The dust settles on the 2016 presidential election, but emotions still run high, and for good reason.
America is a wonderful country, but it is also a broken, divided one. The problem with Democrats and Republicans lies not wholly in their respective belief systems, but their inability, and sometimes outright refusal, to compromise. We cannot continue to be the richly diverse country we are known as if we operate and make choices rooted in fear, hate, and disrespect. I’ve seen all three come in intense forms from supporters on both sides of the political spectrum.
Plain and simple, the Democratic Party shot themselves in the foot by ensuring that Hillary Clinton would bear victory over Bernie Sanders in the primaries. Secretary Clinton was a candidate that was shoved down the throats of tens of millions of Americans, the “lesser of two evils” when compared to the absolutely unqualified hair-trigger mess that President-elect Donald Trump has appeared as thus far. It is well known that Senator Sanders garnered a huge following and an explosion of popularity throughout his campaign as a result of his inclusive policies and acknowledgement that while America is great, some things could be done differently. I can say without shame that he would have had my vote.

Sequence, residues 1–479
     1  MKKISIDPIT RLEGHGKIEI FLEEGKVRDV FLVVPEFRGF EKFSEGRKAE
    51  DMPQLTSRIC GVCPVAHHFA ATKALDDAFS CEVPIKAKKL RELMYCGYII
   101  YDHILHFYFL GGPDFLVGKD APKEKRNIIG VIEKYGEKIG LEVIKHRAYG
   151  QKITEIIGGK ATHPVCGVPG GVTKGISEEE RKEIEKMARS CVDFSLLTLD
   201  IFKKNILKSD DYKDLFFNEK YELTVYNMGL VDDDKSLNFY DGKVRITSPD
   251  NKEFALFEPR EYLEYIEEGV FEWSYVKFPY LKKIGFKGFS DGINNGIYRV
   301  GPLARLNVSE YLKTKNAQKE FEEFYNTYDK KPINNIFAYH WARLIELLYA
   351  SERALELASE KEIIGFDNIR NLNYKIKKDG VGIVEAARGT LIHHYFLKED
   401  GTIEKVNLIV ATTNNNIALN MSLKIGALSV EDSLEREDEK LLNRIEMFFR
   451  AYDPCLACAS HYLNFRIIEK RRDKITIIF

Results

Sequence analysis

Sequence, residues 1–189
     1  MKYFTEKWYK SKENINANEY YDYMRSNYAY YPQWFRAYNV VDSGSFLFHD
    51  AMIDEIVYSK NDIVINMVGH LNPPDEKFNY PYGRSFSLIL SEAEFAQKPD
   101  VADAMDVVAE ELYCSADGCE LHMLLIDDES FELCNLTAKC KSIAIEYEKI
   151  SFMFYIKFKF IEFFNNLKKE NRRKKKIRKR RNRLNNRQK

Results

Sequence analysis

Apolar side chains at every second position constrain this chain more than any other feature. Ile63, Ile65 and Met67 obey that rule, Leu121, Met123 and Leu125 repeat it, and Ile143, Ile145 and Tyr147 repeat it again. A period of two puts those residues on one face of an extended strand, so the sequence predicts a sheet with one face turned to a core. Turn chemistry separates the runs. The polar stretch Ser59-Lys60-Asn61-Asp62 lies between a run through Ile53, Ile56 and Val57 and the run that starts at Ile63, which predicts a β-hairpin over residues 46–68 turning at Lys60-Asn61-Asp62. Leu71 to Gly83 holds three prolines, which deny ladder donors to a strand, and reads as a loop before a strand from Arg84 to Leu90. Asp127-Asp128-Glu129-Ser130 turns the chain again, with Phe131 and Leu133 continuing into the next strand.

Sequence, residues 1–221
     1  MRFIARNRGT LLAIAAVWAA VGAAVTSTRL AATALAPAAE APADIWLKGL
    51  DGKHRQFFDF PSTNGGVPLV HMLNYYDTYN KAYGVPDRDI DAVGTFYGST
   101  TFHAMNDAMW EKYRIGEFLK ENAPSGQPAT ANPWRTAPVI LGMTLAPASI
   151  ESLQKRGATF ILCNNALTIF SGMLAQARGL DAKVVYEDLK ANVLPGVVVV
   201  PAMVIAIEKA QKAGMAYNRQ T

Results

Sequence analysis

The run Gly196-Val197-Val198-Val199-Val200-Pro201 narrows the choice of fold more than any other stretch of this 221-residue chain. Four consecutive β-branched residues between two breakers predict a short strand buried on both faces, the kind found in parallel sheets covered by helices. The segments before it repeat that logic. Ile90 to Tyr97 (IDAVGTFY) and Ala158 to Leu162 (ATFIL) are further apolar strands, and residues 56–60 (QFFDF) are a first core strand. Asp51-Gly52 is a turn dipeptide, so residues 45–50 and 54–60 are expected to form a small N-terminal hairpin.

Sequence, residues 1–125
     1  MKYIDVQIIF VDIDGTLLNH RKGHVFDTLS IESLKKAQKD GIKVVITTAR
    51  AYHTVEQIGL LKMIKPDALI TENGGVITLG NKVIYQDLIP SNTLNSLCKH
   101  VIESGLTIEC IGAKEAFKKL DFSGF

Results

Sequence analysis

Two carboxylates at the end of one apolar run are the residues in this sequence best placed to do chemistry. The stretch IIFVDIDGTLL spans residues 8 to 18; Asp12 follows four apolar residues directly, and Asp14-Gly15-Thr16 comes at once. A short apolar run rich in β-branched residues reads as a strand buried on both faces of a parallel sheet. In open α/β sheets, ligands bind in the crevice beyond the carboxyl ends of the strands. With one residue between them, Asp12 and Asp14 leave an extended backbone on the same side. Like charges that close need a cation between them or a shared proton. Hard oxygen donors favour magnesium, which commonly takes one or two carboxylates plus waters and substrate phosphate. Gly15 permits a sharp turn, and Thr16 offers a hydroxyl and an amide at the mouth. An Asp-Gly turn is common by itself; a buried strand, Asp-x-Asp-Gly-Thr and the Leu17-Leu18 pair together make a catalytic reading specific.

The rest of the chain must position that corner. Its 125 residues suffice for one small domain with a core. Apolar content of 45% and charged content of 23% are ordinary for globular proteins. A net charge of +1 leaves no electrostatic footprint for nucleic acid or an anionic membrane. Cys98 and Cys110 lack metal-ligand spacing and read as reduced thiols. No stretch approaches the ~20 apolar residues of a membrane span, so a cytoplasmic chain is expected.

That said, I do not feel any remorse for giving my vote to a lesser known candidate when I felt that their ideals closely aligned with who I, myself would like to see leading the country I call home. I will not apologize for not voting for a Democratic candidate that was about as transparent as a brick wall. I will not apologize for not voting for a Republican candidate that based so much of his campaign on shock value.
My vote is not yours to dictate.
The amount of hostility and finger pointing I’ve seen following the results of this election is disappointing and saddening, but I want to reiterate that I understand why people are scared. Racism, sexism, and classism have run rampant this election; there’s no denying that. However, the bottom line is, a career politician (or even a first time one) is not going to wave a wand and fix your personal problems or the ones we deal with as a society today. Only love and acceptance can do that. Instead of belittling, educate your neighbor. Instead of blaming, ask them why.
People I inherently admire and respect voted for Hillary Clinton, and people I will always love voted for Donald Trump for a myriad of different reasons. Keep in mind that people are not the candidate they voted for. At the end of the day we are not a political machine, but millions of individuals with so much going on, dealing with so many things that shape our views. Listening and being respectful, things we have been taught since kindergarten and have so quickly forgotten, goes a long way.
In four years, America will still be standing. The younger generation will be eligible to vote. See this only as a minor setback – there is work to be done, and giving up has never been our style.